A Series of Unfortunate Events or a Predetermined Crisis? The Geopolitics of Semiconductors

As we have been experiencing a global semiconductor shortage for over a year, it's difficult to put a finger on a single industry that hasn't been affected in some way, from automobiles to ICUs. But can it be exclusively attributed to natural disasters and COVID-19 or was it inevitable, and even predictable? Will new players change the market, and what side will they take on the US-China rivalry? And how might the current China-Taiwan tensions disrupt the industry even more? In our latest Wikistrat Insider episode, Jan-Peter Kleinhans takes us behind the scenes of the semiconductor world

Jan-Peter Kleinhans is Director of Technology and Geopolitics at Stiftung Neue Verantwortung e.V. Think Tank. His focus is on the analysis of semiconductors as a strategic asset, how resilient the global semiconductor value chain is to external shocks, and how Europe's competitiveness can be strengthened.



Full Transcription:


Marina Guimarães:

Our podcast today discusses the geopolitics behind semiconductors. We invited Mr. Jan-Peter Kleinhans, the Director of Technology at Stiftung Neue Verantwortung. He is based in Berlin, Germany. Here, we will discuss US-China relations, the future of semiconductors and the current shortage going on in this industry. Stay tuned.


Marina Guimarães:

Mr. Kleinhans, Thank you so much for joining us here today.


Jan-Peter Kleinhans:

Thanks for having me.


Marina Guimarães:

So, the world is now experiencing a global semiconductor shortage. Rumor has it, this has happened during the coronavirus pandemic. And my first question to you is why are semiconductors so important, just to give a little bit of context?


Jan-Peter Kleinhans:

Sure. If you think about it, it's hard to imagine a sector or a task in our daily life that does not depend on semiconductors. It goes beyond your smartphone and your laptop, but ICUs and hospitals for pacemakers and for breathing machines, for all the computers that you need in a modern ICU, they all depend on semiconductors. Your typical car, even if it has no autonomous driving feature, has more than a hundred semiconductors or chips in it. Our finance sector, our energy grid, every single part of our life, really depends on access to increasingly specialized and increasingly complex semiconductors. So, they're really a foundational technology for a modern digital society.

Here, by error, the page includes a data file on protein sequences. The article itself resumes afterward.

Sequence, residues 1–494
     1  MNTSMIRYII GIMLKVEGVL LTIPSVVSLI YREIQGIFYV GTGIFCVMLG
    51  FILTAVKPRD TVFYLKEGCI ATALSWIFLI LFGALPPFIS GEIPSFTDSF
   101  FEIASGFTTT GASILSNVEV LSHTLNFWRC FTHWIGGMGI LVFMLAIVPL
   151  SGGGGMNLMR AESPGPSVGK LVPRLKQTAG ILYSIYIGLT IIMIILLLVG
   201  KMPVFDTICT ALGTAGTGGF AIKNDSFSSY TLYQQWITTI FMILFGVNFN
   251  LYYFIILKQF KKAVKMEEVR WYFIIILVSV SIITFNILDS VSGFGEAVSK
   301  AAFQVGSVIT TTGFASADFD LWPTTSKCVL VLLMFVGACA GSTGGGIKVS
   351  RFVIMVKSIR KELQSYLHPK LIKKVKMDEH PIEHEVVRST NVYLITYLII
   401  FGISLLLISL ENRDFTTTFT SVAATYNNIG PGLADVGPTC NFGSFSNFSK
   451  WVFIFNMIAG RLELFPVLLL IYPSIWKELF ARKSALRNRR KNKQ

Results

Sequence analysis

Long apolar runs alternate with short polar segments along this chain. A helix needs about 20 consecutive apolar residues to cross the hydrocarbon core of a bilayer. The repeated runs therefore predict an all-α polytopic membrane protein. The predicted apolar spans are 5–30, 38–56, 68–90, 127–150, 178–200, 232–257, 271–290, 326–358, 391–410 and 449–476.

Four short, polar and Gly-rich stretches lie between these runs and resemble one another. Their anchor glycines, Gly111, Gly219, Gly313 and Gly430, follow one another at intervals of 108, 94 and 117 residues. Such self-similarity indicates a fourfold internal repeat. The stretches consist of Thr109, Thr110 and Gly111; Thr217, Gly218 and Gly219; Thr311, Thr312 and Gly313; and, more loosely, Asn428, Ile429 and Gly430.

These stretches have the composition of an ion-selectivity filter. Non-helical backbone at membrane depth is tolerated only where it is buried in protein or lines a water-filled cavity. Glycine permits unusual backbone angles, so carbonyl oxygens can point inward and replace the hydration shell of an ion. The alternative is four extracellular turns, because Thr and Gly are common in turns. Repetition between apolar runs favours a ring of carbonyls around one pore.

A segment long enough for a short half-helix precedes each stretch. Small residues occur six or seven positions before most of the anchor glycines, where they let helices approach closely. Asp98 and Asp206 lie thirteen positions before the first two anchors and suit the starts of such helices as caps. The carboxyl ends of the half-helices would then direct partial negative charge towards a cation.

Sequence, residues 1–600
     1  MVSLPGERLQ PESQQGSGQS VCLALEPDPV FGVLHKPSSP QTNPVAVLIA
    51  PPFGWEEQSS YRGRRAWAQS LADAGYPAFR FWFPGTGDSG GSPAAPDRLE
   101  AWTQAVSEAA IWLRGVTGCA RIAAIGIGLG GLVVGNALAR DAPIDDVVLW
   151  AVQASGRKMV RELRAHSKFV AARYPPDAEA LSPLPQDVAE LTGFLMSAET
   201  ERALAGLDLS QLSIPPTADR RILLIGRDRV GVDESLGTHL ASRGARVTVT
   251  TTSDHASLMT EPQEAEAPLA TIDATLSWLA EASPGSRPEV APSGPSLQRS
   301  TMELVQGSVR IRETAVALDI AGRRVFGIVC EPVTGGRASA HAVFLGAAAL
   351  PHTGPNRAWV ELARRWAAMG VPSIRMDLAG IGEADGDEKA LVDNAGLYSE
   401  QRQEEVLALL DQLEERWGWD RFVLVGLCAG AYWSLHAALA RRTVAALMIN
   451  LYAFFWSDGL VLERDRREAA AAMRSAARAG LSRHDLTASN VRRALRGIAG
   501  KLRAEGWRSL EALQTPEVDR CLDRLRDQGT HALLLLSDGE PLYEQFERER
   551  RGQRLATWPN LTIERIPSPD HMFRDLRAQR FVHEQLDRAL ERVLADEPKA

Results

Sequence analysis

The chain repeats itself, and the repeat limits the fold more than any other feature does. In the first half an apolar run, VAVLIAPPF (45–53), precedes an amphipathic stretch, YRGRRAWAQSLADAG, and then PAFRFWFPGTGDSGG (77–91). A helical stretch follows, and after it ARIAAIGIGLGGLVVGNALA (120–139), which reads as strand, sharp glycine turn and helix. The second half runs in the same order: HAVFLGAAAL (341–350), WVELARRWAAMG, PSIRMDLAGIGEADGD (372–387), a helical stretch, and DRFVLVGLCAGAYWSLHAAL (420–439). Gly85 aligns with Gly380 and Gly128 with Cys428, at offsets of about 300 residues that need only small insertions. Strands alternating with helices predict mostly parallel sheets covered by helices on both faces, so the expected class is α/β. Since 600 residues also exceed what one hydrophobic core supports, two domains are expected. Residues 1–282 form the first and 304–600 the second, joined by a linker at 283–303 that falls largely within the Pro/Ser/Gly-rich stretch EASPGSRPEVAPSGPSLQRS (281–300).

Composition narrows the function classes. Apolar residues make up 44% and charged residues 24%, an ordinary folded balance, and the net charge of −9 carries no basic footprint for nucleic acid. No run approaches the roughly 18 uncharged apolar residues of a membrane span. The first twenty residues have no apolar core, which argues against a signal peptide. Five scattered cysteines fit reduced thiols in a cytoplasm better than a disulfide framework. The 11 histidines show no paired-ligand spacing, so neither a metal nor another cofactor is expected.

Marina Guimarães:

And why is this shortage happening right now, specifically in the last two years, did coronavirus have an impact on it?


Jan-Peter Kleinhans:

Absolutely. To understand why the shortage happened, you have to understand a couple of the characteristics within the value chain. But first, if we think about the external factors that impacted the value chain, we had the demand surge due to COVID. Everybody went to home office, many kids went to homeschooling, so people had to buy new laptops, new tablets, companies had to set up work from home equipment. So, that created quite some demand.


Jan-Peter Kleinhans:

But another factor was actually geopolitics - like you mentioned before. So we had in 2019 the first export restrictions from the US against Huawei, the Chinese mobile company. And that meant that American, and also a couple of international suppliers, were not able to sell chips or software anymore to Huawei. And of course, other Chinese companies were worried that they would be next in line, that at any point in time, the US government could also put them on the entity list, a kind of black list of companies that fall under export restrictions.


Jan-Peter Kleinhans:

So, what they did was - they were hoarding chips that simply filled up the inventory, stockpiled chips, and especially beginning and mid of 2020, that created another demand search for semiconductors and also for semiconductor manufacturing equipment, simply because Chinese companies were buying more than what was justified by demand because they wanted to build up inventory to be prepared in case in the future they would also end up on the entity list. That was the second factor.


Jan-Peter Kleinhans:

So, both COVID 19 and geopolitics led to a demand increase. And then the third aspect was actually natural disasters, a human error, and also lockdown. So, another impact from COVID 19 that happened throughout 2020 and 2021. Of course, natural disasters are nothing new, and human error is nothing new also in this value chain, but it further exacerbated an already tricky situation. So, for example, at one important chemical supplier in Taiwan, because you need a lot of chemicals to produce a modern chip, twice within six months, there was a fire in his production plant for the chemicals.